In a period advertisement, circa 1911/ 12, Sid & P Forder described themselves as “Coach and Motor Builders. Motor Cars carefully overhauled, repaired, repainted and trimmed. Excellent finish and Painting. Cape Hoods, Wind Screens. Mechanical repair to any make of car. Bodies built to suit all chassis. Sole Agents for BSA and Rover Cars. Any other make supplied.” In the Wolverhampton Red Book for 1914 the firm is listed under “Motor Body Builders, Motor Garages and Motor Car Manufacturers”. However, I have never found any evidence to confirm that S & P Forder built a motor car. Ironically, later generations of the Forder family, including myself, have retained a passionate interest in motor vehicles, and my grandfather and father worked in the motor industry. No member of the Forder family that I have spoken with has ever mentioned or could recall S & P Forder building their own motorcars. If this was achieved it is my view that they would have built the body and constructed the rolling chassis from bought-in or proprietary items. This is where William Bradburn would have been a major influence and one can speculate that developments of the Bradburn cars of 1906 may have provided the basis for any vehicles built by the firm. I should be very interested to hear from anyone who has evidence of the construction of a car or cars – it would seem that any such vehicle was not called either a Forder or a Bradburn.
William Bradburn was an ambitious and energetic entrepreneur and was probably frustrated at the lack of progress he experienced working for Sidney and Percy. The outbreak of the Great War would have caused difficulties for the embryo company. So it is not surprising that in 1915 he elected to part company with the Forders and start up on his own. He launched his new career by purchasing the Motor Garage business of A A Hadley & Co Ltd located in Darlington Street, Wolverhampton at the rear of what had been the original town tram depot. It would seem that William was unimpressed with his new acquisition, because within a month he had sacked the complete staff. Always an astute businessman he recognised the shortage of road transport during the war and purchased a number of steam wagons. These he used to transport explosives for the Admiralty. In 1918 he was joined by a partner Harry Wedge, presumably to help fund his expanding business, to establish Bradburn & Wedge, Motor Engineers, at 46 Darlington Street. In three years he had expanded his premises to encompass the full depth of the old Tram Depot. In 1919 Bradburn & Wedge were agents for Austin, Riley, Argyle and Darwin cars, and he renewed his acquaintance with William Morris to become one of the first Morris agents. In 1922 Harry Wedge departed to follow a different path in galvanising.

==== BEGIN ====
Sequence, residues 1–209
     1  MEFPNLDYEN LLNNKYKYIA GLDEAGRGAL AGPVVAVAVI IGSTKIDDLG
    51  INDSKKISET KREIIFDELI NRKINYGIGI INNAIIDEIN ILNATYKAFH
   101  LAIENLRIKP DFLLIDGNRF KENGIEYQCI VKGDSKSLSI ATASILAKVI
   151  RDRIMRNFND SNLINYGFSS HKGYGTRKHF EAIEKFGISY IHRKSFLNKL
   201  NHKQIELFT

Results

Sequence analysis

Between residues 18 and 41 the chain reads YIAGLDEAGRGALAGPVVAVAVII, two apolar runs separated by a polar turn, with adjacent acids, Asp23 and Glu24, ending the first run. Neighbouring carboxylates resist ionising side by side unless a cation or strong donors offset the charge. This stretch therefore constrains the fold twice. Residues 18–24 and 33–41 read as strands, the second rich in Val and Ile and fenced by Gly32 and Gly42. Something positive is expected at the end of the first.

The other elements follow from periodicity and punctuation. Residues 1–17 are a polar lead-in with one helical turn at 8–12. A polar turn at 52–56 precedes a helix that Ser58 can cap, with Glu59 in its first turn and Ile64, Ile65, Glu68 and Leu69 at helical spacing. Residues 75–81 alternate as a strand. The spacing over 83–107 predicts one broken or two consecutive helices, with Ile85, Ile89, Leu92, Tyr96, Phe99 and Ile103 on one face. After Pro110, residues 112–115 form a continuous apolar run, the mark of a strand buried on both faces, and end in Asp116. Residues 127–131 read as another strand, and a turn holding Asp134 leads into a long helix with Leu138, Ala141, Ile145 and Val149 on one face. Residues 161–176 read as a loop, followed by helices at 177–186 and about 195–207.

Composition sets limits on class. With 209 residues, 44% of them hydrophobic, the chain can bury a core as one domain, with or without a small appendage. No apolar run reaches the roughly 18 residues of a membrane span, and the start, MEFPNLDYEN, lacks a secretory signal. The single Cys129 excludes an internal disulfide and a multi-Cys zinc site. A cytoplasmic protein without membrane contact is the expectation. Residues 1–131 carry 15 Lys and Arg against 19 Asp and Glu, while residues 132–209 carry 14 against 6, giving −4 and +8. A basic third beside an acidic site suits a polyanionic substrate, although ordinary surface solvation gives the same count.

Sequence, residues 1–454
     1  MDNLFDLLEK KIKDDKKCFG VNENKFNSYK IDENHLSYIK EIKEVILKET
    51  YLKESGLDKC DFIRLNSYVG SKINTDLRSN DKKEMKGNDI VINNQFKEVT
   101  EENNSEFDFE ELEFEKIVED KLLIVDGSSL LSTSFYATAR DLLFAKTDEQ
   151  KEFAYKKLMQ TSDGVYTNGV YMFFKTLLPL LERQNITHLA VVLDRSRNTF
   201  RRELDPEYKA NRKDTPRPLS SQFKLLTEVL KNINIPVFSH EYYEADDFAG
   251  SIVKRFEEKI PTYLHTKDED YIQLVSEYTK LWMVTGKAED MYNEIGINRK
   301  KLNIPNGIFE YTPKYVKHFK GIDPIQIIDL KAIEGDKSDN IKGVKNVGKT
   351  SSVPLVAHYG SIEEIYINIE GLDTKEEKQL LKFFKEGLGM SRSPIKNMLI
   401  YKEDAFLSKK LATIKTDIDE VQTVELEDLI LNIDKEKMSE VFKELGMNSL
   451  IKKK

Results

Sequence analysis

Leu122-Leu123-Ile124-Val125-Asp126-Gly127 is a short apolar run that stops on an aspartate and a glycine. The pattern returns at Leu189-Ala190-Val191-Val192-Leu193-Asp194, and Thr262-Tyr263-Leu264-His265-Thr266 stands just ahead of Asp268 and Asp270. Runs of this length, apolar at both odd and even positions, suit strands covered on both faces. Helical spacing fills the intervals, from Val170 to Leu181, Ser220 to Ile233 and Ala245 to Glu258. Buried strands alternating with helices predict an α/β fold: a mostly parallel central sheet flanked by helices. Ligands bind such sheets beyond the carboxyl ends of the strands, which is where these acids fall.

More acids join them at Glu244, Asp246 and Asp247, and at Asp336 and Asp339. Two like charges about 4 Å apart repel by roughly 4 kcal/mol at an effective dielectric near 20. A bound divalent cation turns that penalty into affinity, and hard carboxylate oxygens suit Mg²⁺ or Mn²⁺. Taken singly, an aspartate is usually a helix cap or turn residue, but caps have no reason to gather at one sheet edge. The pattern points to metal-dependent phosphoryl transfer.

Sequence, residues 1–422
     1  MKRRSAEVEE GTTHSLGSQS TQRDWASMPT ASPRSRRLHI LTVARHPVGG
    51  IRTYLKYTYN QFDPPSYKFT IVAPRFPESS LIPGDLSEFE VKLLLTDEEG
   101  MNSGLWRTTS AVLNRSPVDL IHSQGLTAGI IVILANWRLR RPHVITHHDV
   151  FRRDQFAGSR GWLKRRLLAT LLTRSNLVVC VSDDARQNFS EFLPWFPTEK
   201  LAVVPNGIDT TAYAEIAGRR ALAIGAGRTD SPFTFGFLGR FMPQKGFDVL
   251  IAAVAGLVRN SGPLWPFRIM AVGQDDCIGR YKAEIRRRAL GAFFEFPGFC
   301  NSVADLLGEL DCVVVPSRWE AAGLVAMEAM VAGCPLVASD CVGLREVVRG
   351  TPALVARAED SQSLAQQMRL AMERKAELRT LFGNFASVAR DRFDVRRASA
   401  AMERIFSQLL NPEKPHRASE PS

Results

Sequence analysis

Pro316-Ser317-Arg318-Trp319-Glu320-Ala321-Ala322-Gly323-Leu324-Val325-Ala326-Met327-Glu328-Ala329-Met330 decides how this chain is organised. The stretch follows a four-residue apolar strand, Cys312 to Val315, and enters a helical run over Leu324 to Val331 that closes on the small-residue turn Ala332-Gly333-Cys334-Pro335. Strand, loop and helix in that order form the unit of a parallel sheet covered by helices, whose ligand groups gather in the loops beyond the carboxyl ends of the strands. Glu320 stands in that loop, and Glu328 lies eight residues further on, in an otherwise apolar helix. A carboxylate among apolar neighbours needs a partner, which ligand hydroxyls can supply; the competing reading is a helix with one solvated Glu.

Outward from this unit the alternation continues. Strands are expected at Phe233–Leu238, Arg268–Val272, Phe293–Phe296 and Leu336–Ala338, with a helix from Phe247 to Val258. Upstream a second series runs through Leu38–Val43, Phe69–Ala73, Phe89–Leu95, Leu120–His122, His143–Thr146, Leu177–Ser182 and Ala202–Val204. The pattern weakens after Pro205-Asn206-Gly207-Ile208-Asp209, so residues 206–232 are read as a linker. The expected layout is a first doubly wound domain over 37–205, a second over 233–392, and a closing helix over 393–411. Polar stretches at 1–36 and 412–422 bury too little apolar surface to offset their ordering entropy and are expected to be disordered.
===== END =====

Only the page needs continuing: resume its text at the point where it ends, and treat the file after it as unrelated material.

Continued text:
Still retaining ‘Wedge’ on the nameplate in 1923, the company was now the official Rolls-Royce Sub-Retailers for Warwickshire and agents for Fiat, Morris, Standard, Swift and Sunbeam. I have been told that a Bradburn & Wedge sales ledger survives that records the sale of some 300 Sunbeam cars. A 1923 photograph shows an expanded Darlington Street frontage advertising their various car agencies, tyres, coachbuilt bodies and commercial vehicles – they were agents for Ruston & Hornsby.